HRL Laboratories is developing new ultra-lightweight materials for future aerospace vehicles and structures under NASA’s Game Changing Development Program. These new materials can enable NASA to reduce the mass of spacecraft for deep space exploration by 40 percent and are necessary for the journey to Mars and beyond.
Led by Dr. Tobias Schaedler, HRL’s team will develop lighter and stronger cores with innovative truss architectures that will be combined with carbon fiber composite facesheets. The HRL approach combines ultra-stiff and ultra-strong materials (such as nanocrystalline metals) that provide higher strength than conventional materials with highly optimized truss architectures that enable unprecedented degrees of freedom to tailor the mechanical performance.
Composite sandwich structures are a special type of material made by attaching two thin skins to a lightweight core. Traditional composite sandwich structures incorporate either honeycomb or foam cores. This type of composite is used extensively within the aerospace industry and in other applications making it possible for future journeys to Mars. The ULW materials being developed by NASA vary significantly from traditional cores and are expected to result in a significant decrease in mass.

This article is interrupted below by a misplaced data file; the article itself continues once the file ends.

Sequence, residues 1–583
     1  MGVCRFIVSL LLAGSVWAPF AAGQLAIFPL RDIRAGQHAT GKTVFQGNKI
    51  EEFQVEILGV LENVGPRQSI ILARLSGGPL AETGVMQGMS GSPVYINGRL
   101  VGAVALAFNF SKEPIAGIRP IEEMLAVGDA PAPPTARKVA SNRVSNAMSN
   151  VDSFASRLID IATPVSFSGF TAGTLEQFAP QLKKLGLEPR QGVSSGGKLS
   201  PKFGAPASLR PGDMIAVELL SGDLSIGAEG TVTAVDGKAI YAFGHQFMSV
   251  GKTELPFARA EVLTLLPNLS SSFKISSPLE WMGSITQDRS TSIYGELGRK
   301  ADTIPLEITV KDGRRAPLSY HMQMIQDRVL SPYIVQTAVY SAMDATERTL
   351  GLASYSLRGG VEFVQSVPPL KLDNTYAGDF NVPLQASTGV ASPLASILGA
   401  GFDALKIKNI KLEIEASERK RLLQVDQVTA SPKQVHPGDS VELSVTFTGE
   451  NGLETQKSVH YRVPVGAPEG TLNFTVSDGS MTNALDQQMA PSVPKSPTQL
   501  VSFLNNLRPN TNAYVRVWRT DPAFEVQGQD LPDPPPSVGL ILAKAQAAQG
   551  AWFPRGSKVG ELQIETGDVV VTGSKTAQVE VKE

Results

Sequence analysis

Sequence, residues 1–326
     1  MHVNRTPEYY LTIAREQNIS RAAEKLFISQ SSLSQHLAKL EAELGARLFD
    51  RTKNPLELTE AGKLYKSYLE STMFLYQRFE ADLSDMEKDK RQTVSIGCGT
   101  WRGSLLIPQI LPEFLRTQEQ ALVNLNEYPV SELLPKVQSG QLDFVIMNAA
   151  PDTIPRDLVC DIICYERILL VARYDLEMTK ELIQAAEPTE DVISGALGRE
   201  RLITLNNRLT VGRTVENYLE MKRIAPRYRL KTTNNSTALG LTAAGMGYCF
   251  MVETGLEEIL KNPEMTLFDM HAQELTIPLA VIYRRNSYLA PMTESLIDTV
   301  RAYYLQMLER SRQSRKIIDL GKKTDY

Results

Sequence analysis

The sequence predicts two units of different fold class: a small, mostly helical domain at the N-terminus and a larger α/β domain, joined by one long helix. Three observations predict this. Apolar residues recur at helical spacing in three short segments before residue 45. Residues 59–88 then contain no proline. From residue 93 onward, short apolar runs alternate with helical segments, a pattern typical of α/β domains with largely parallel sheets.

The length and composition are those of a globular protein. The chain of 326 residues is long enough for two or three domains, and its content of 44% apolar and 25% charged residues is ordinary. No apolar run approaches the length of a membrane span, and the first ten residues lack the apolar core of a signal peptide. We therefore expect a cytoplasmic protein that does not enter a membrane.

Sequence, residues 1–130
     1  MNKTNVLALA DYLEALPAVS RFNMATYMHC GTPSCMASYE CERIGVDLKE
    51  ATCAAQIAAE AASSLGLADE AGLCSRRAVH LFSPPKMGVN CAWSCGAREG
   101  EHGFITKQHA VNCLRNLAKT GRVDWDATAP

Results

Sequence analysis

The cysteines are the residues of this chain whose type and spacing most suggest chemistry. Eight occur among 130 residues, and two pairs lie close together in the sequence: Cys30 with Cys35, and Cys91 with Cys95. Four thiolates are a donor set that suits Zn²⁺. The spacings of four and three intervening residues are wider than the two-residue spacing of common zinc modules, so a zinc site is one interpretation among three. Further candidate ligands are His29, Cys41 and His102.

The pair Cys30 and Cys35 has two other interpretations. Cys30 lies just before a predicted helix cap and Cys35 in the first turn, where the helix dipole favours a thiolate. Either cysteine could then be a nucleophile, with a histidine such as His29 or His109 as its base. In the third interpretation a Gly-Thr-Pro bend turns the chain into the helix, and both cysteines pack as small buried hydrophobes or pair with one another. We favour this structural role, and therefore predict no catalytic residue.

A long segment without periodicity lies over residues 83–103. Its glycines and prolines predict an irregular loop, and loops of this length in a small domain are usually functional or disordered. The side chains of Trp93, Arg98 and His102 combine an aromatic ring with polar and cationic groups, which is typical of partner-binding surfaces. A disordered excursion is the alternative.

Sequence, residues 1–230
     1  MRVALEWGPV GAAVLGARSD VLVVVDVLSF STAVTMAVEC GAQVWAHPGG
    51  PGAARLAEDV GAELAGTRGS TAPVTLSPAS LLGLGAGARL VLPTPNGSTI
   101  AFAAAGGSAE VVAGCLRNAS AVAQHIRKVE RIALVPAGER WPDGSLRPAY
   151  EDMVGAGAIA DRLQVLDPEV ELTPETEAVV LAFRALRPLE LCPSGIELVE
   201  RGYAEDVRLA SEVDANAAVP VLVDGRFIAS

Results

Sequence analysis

NASA Phase I awards are valued up to $550,000, providing awardees with funding for 13 months to produce 12-by-12-by 1-inch ULW core panels. Technologies selected to continue to Phase II will demonstrate the ability to scale up to 2-feet by 2-feet by 1-inch and ultimately to produce 10-feet by 11-feet by 1-inch ULW core panels, with NASA providing up to $2 million per award for up to 18 months.
The three awards selected for contract negotiations are:
* HRL Laboratories LLC of Malibu, California: Ultralight Micro-truss Cores for Space Launch Systems
* ATK Space Systems LLC of Magna, Utah: Game Changing Technology Development Program Ultra-Light Weight Core Materials for Efficient Load Bearing Composite Sandwich Structures
* Dynetics Inc. of Huntsville, Alabama: Ultra-Lightweight Core Materials for Efficient Load-Bearing Composite Sandwich Structures